SETI (search for extraterrestrial intelligence) scientists use radio telescopes to listen for incoming messages from extraterrestrial civilizations. But while scientists wait patiently to hear anything from ET, others have already sent preemptive messages into space. In 2012, the National Geographic channel (NatGeo) beamed messages into space as part of a marketing campaign for the network’s show Chasing UFOs. And in June of this year, the Lone Signal company launched “the world’s only messaging platform and social community for interstellar communication.”
Messaging to extraterrestrial intelligence (METI) efforts have been taking place for decades. But scientists are divided when considering whether attempting contact with extraterrestrials is wise. Theoretical physicist Stephen Hawking has warned against contacting aliens on several occasions. During a radio interview in 2012, Hawking explained his stance against attempting contact, stating, “If aliens decided to visit us then the outcome might be similar to when Europeans arrived in the Americas. That did not turn out well for the Native Americans.” Similarly, during a lecture in 2012, astrophysicist Brian P. Schmidt advised against attempting contact with intelligent extraterrestrials. He stated, “I think it is probably not the smartest thing to tell the aliens where we are, as any encounter with aliens may not be a happy one.”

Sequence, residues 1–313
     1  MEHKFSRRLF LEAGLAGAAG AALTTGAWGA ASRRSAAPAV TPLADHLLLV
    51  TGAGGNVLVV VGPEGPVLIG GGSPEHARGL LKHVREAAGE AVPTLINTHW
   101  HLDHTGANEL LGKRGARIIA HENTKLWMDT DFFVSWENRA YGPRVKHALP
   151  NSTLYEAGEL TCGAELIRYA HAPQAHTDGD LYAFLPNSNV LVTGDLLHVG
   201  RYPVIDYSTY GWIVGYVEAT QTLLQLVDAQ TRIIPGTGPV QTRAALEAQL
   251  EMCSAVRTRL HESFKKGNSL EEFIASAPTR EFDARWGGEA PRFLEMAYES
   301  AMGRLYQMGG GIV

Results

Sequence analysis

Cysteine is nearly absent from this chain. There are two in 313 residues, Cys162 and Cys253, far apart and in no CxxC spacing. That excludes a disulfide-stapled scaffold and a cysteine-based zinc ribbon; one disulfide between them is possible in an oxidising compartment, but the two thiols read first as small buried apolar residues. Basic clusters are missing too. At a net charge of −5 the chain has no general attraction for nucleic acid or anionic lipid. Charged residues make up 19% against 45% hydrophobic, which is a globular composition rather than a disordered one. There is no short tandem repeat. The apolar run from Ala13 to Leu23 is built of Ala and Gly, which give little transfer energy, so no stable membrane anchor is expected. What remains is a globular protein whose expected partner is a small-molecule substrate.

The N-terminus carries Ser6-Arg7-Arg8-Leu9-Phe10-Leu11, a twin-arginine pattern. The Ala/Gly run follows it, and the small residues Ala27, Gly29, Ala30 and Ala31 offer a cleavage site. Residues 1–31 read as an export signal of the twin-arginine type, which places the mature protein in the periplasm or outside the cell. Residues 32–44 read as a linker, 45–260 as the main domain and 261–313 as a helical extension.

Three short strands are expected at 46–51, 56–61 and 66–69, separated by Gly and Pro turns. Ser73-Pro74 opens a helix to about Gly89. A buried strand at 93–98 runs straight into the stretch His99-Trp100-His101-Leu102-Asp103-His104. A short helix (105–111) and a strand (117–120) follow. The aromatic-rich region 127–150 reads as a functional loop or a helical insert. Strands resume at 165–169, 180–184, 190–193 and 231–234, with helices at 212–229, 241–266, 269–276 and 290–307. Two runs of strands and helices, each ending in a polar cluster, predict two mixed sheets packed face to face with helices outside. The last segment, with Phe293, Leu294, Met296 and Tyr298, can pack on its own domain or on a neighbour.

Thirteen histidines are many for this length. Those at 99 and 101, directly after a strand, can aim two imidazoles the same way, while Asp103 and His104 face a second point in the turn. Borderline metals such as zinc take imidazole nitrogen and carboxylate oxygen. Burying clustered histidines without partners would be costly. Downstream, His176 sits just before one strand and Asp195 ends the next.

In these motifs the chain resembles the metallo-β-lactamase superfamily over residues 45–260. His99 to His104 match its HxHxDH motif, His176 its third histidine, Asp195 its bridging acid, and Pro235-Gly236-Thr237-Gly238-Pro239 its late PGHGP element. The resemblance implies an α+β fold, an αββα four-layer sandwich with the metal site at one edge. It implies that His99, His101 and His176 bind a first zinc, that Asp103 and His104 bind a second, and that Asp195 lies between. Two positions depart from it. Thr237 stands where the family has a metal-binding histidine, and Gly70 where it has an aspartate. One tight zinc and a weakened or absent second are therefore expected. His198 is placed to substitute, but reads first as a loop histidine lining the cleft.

But Doug Vakoch at the SETI Institute believes the idea of sending messages into space is worth exploring. Vakoch is the Director of Interstellar Message Composition at the SETI Institute, and SETI’s website describes:
Dr. Vakoch researches ways that different civilizations might create messages that could be transmitted across interstellar space, allowing communication between humans and extraterrestrials even without face-to-face contact. He is particularly interested in how we might compose messages that would begin to express what it’s like to be human.
In a recent interview on BBC Radio 4, Vakoch stated, “Arguably, we as the younger civilization have more to gain from contact with another civilization. It’s possible that every civilization out there is . . . listening. And maybe it takes an audacious young civilization like ours to really take the initiative.”
Vakoch leads a project for the SETI Institute titled “Earth Speaks,” which invites people to submit “their text messages, pictures, and sounds, as they ponder what they would want to say to an extraterrestrial civilization.” Messages submitted to the project are studied, and Vakoch and his team are working to identify and tag major themes in the messages. The “Earth Speaks” website explains:
By tracking demographic variables for each person submitting a message, we will be able to identify commonalities and differences in message content that are related to such factors as nationality, age, and gender. Rather than trying to identify a unified ‘Message from Earth,’ ['Earth Speaks'] will help understand differing perspectives on the appropriate content of interstellar messages . . . As a result, ‘Earth Speaks’ will provide a more broadly representative view of our species than previous messages.
As he explained to BBC Radio 4, Vakoch feels that “Earth Speaks” is “a starting point to really generate the kind of global discussion that we need before we take that serious step of announcing ourselves to the cosmos.”